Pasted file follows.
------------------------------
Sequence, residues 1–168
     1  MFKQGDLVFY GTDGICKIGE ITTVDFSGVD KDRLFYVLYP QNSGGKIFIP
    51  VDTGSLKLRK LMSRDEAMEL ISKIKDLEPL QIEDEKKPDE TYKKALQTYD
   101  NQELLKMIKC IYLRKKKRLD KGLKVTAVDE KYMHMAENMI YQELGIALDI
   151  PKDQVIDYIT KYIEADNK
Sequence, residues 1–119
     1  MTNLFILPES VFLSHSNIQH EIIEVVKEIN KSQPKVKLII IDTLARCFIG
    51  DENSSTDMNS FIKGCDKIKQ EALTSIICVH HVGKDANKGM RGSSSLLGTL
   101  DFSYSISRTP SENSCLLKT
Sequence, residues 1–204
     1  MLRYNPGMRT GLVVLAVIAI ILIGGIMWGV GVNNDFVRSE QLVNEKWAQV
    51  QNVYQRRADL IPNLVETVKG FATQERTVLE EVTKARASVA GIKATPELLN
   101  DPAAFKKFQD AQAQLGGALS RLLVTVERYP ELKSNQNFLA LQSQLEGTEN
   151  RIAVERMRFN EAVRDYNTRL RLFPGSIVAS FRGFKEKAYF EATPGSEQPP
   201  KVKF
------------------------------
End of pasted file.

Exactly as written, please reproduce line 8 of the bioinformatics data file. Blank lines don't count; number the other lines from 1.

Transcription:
    51  DENSSTDMNS FIKGCDKIKQ EALTSIICVH HVGKDANKGM RGSSSLLGTL